Centuries-old toilets in the Tripolis ancient city of southwest Denizli will reportedly be on display by the summer of 2021.
Excavation head Dr. Bahadır Duman noted that the toilets were built around 2,000 years ago to prevent pandemics and can be used by 40 people at once.
Dating back to the peak of the Roman Empire circa B.C. 3rd century, the town has endured many earthquakes and is in notably good shape, Duman said.
The team found the toilets near a large fountain measuring around 100 feet by seven feet.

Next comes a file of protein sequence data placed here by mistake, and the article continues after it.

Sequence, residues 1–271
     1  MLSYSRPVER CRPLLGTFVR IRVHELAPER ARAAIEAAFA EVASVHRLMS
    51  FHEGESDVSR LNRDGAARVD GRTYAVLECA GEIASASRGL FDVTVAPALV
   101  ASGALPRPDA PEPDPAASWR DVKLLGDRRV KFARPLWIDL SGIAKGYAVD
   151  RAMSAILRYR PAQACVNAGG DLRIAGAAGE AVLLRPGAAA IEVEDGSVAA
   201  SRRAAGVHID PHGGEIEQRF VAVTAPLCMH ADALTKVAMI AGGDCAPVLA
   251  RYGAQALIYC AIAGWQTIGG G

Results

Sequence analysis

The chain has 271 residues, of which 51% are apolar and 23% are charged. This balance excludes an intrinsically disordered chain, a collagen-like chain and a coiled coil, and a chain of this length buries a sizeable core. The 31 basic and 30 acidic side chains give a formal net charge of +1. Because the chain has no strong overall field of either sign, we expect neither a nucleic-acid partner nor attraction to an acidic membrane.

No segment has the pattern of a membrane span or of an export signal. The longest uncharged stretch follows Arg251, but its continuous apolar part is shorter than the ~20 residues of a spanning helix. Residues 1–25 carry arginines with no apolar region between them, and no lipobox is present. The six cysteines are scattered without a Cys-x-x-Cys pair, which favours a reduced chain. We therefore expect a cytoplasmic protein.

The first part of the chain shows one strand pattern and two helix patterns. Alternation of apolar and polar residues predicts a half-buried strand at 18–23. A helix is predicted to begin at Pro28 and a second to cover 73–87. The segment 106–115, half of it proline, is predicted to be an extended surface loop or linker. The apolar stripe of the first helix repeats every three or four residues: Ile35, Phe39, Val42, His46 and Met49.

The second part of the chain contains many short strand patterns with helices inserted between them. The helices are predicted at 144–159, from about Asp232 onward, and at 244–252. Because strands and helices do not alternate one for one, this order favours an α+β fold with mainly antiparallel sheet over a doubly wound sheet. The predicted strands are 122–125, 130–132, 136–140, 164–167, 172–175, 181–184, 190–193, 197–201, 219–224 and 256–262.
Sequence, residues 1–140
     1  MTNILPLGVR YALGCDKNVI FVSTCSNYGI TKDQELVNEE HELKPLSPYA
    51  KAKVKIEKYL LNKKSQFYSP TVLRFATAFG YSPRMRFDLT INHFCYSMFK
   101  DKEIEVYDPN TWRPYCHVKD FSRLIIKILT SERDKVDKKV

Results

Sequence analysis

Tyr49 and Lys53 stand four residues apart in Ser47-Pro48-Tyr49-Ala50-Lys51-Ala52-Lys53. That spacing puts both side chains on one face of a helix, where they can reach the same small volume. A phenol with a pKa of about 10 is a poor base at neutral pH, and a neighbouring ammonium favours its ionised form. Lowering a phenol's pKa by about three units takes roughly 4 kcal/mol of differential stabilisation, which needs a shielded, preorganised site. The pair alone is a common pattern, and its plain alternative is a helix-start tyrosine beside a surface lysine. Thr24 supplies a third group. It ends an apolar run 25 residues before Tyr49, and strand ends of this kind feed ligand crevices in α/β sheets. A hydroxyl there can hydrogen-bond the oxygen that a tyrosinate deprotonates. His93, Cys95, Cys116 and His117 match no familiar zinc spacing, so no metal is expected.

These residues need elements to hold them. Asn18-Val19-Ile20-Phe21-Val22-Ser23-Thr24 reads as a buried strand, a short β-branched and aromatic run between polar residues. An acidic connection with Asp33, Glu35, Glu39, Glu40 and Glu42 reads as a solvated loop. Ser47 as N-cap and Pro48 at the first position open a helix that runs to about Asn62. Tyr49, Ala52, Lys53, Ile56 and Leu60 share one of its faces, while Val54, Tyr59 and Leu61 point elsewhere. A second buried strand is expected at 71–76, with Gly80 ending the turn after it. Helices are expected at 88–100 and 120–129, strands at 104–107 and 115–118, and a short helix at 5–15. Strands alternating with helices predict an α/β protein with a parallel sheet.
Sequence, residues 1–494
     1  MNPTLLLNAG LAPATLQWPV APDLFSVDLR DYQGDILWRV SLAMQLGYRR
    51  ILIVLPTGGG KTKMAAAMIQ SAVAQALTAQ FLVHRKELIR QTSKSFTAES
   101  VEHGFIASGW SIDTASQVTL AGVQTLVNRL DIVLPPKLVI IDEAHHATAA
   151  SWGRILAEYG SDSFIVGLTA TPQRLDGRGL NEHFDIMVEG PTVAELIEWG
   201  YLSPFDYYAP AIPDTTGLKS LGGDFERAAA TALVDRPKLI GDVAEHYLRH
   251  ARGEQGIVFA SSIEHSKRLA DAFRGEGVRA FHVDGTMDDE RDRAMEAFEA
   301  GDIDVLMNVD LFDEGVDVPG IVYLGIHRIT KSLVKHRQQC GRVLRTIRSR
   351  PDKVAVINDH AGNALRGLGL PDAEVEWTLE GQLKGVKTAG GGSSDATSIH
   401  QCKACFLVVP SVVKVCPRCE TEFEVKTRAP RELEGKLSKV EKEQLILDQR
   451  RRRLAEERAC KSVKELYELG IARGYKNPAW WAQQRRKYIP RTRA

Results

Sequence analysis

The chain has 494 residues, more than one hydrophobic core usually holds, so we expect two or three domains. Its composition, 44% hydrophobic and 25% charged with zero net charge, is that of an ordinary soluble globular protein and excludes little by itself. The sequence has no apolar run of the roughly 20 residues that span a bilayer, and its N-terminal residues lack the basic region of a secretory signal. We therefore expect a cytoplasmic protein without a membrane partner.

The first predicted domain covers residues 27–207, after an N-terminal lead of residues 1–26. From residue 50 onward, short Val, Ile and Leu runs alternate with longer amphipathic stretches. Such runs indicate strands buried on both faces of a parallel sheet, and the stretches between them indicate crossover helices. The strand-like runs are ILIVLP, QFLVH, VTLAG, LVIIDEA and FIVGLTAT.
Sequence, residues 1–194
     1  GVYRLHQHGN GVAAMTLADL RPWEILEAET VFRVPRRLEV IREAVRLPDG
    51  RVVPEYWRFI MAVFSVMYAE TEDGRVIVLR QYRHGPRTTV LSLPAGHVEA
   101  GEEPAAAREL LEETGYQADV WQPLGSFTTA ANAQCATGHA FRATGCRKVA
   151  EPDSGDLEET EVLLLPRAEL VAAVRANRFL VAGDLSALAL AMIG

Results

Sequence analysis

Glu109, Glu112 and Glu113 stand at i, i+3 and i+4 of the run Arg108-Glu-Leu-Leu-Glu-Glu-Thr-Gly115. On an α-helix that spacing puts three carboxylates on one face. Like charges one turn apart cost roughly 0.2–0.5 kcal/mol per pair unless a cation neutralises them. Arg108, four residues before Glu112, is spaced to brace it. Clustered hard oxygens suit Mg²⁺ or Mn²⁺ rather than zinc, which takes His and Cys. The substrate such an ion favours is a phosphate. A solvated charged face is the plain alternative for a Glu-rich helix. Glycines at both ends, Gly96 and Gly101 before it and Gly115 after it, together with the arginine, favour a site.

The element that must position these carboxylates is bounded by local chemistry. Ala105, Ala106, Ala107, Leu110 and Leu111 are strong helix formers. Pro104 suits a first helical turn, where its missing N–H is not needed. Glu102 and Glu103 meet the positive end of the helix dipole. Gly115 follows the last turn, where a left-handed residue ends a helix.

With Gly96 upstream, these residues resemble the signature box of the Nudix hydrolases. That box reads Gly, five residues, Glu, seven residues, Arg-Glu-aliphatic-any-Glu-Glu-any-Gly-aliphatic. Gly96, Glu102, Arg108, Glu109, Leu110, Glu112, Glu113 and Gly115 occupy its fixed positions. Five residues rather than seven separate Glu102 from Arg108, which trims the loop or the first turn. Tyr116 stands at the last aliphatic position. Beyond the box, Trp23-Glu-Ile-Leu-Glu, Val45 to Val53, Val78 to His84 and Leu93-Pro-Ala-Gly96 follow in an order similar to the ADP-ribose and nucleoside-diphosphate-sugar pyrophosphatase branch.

Noting that the toilets were connected to water and sewage systems, Duman said that toilets were central to Roman urban planning.
"Toilets are located in the center of the city to ensure public hygiene," Duman said.
The excavation head added that toilets and baths were a place of socialization for Roman urbanites since "they chatted as they took care of their business."
The excavation team wants to be informed on the times' eating habits and sanitary principles.